Sometimes it's hard for me to write. Not necessarily because of lack of inspiration. More from too much going on in my head. And my head has been buzzing lately with a lot of things personally and professionally. If you read this blog long enough (and if you've been reading my MySpace blog for longer than this blog has been around), you'll understand that this is a story. A story of a modern musician. An artist who fights for artistry and struggles against a machine that cares little for artistry and whose only desire is to use artists as a tool for money and power.
What is unique to modernity is not the struggle but the manifestation of it. Musicians have always struggled but there have been times in music history where artistry flourished. Any music historian will easily point to American music history from the 60s to mid-70s as a time of growth, creativity and innovation. Music that was experimental or "outside the mainstream" could thrive. There was an openness in the industry.
It's difficult for me to judge how much creativity and innovation is going on nowadays because the mainstream overshadows what you tend to hear. You can certainly hear a diverse amount of music on the Internet, but mainly if you're looking for it specifically. You're not tuning in to your local FM station and hearing your favorite DJ tell you about some new and upcoming artist that is completely different from what you've heard before. Creativity and diversity is not encouraged in the mainstream. One has to play it safe - try to stay with what they "know" is going to sell.
I'm not saying anything new, but I am trying to emphasize that this is a symptom of our times. Music writers are not just complaining about the downfall of country music, they are complaining about the lack of inspiring music in the mainstream in all genres.
I read http://www.the9513.com regularly. For those of you that are hardcore country readers, you will instantly notice that this blogsite focuses on ALL country music. Which is why I like it. As much as I love hardcore country music, I have to understand that I am a modern musician. I live in TODAY. I have to stay informed of what is going on in the mainstream and the industry in general.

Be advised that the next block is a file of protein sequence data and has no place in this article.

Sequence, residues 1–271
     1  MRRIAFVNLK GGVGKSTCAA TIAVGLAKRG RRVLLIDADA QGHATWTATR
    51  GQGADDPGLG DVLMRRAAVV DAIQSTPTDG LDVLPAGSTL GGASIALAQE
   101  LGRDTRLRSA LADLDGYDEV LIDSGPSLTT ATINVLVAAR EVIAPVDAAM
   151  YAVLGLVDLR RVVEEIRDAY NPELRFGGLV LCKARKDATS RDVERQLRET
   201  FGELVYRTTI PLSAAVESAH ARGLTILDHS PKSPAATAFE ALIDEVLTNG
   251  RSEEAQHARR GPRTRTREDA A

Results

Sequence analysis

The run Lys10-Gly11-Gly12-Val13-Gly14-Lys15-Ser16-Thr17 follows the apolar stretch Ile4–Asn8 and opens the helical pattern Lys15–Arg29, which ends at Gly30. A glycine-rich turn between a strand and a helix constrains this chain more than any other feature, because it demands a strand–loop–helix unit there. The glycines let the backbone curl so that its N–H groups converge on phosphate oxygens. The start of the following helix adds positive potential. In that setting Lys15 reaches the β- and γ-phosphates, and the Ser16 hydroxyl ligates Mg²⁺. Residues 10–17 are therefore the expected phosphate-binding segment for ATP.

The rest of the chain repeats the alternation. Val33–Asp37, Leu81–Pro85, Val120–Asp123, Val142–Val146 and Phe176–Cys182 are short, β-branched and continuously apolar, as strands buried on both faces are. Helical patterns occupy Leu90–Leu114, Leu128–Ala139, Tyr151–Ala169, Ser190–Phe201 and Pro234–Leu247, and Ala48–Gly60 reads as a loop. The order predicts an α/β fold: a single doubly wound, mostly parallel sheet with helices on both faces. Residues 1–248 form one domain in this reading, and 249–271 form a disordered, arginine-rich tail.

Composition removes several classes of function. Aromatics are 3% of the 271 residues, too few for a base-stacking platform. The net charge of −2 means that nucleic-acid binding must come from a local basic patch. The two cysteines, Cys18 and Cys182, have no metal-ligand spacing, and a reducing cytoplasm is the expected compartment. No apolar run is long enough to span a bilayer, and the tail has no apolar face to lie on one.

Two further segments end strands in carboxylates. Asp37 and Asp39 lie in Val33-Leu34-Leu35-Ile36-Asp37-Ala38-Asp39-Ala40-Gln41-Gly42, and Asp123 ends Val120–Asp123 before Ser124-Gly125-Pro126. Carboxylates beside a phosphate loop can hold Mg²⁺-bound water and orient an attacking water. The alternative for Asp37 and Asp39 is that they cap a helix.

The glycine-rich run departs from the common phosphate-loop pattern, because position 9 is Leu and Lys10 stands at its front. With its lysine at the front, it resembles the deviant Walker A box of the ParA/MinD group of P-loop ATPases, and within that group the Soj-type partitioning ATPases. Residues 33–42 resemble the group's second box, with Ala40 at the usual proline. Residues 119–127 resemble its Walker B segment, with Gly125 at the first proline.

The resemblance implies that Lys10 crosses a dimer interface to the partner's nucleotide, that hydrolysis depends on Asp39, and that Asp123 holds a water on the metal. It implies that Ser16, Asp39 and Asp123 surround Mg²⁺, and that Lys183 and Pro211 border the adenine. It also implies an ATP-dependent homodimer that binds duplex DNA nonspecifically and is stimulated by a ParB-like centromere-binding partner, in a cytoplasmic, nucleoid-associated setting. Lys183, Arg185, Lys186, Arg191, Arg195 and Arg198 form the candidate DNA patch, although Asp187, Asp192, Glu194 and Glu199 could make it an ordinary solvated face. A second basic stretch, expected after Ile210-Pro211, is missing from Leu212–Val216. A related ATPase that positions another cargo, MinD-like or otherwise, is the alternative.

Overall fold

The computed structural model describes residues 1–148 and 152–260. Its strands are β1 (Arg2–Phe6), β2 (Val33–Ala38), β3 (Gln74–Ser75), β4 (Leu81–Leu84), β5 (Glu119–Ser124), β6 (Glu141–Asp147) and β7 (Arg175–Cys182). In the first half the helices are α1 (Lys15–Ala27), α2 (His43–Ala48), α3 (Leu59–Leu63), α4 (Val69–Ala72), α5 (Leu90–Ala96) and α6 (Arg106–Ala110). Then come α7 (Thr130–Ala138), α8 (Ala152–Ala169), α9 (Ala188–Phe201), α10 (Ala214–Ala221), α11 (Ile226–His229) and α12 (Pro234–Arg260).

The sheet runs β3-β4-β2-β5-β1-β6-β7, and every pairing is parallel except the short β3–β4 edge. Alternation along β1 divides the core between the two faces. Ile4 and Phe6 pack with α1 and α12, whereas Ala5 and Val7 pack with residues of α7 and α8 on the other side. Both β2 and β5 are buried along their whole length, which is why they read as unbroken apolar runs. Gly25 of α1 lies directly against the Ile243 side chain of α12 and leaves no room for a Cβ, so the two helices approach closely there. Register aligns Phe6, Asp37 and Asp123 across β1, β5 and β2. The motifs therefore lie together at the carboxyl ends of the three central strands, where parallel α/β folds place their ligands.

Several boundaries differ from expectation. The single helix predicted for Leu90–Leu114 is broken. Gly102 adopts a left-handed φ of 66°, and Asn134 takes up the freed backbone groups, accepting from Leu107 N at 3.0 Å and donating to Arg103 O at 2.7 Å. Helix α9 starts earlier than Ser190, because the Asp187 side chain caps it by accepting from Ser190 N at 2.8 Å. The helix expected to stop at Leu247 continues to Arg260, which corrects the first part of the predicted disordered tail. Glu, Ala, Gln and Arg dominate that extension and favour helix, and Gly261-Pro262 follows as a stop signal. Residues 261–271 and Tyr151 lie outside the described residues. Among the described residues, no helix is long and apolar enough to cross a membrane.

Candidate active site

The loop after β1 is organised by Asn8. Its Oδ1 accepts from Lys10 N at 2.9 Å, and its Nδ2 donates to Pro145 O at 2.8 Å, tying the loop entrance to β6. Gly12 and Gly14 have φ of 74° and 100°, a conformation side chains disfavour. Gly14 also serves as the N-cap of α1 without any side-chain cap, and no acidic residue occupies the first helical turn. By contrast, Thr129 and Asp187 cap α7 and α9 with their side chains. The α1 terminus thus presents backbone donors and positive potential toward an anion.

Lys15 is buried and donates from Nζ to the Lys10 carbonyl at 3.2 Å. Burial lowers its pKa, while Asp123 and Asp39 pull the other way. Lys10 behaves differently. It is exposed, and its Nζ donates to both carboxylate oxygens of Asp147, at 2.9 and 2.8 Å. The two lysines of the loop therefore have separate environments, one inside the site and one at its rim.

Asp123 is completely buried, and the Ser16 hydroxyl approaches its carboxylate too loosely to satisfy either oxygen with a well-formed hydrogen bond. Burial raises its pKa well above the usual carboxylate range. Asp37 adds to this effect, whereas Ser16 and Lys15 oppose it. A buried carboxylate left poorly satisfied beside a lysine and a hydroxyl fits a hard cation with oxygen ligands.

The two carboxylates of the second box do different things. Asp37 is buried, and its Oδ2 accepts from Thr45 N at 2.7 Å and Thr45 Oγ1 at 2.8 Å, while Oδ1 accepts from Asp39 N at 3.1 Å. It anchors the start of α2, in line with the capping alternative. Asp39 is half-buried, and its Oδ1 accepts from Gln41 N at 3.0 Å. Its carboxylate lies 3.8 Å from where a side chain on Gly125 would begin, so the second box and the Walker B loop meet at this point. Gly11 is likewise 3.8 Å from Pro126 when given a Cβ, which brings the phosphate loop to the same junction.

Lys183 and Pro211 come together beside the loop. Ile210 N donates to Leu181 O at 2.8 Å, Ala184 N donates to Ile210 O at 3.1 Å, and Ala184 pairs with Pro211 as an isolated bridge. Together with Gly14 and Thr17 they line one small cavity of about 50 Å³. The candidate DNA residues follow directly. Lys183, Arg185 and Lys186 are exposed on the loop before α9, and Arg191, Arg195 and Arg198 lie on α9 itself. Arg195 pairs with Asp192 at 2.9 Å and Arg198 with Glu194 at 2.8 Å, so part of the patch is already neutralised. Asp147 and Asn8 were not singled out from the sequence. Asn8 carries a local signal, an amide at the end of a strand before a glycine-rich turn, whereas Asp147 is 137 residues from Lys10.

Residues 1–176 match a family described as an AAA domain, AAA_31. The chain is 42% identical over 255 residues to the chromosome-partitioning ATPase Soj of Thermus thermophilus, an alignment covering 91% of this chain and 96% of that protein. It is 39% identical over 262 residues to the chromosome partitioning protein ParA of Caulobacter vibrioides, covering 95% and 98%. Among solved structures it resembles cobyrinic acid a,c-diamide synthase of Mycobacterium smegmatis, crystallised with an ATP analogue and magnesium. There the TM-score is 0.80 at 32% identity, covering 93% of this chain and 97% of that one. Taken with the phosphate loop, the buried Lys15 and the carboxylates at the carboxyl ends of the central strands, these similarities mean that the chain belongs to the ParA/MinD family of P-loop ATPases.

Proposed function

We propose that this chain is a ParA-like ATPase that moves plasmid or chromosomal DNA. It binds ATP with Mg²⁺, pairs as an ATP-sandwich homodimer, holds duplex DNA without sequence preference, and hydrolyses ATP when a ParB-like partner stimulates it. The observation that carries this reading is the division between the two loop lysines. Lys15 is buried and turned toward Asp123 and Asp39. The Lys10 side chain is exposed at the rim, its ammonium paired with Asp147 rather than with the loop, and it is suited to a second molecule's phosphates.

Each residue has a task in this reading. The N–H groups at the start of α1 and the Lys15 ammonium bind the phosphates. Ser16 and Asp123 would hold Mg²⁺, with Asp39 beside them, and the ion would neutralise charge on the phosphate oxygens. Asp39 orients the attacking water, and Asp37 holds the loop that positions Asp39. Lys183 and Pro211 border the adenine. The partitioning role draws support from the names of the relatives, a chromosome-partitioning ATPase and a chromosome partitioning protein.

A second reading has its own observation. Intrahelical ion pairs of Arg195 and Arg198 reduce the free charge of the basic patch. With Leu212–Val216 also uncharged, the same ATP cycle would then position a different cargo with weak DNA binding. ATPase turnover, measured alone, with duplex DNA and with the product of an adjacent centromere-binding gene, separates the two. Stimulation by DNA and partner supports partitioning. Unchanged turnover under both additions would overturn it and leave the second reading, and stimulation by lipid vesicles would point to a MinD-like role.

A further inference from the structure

I found the blog Your Take: Recommend an Artist very interesting. Nathan Rabin is a hip-hop music critic. He became disillusioned with the hip-hop scene and decided to travel down a different path for awhile. He has started a year-long series called Nashville or Bust. It's kind of like watching his self-educated journey through Country Music History. What caught my eye was this statement about his struggle with finding 10 top hip-hop albums in a year:
“They should be the albums that get under our skin, that speak to something profound and inexpressible deep within us, that linger in the subconscious long after we’ve taken them out of our eight-tracks and reel-to-reel players.”
My theory about modern mainstream music in general is that it has not necessarily lost its intellect but it has lost its soul. Maybe you can blame it on autotune and pitch correction and the ability to make every note sound “perfect”. Maybe you can blame it on a society focused on materialism, comfortable in a pre-recession time of false wealth.
But soul is gone. That beautiful quality of uniqueness of the human soul. Lefty Frizzell and Marty Robbins had voices so different but they both could emote and deliver a song to make you cry. WHO in music is touching our souls today? And WHY can we not force the industry to allow these voices to be heard?
Or maybe we are not quite ready. Maybe we are still so numb to our feelings that we cannot reach those deep places where we are “so lonesome [we] could cry”.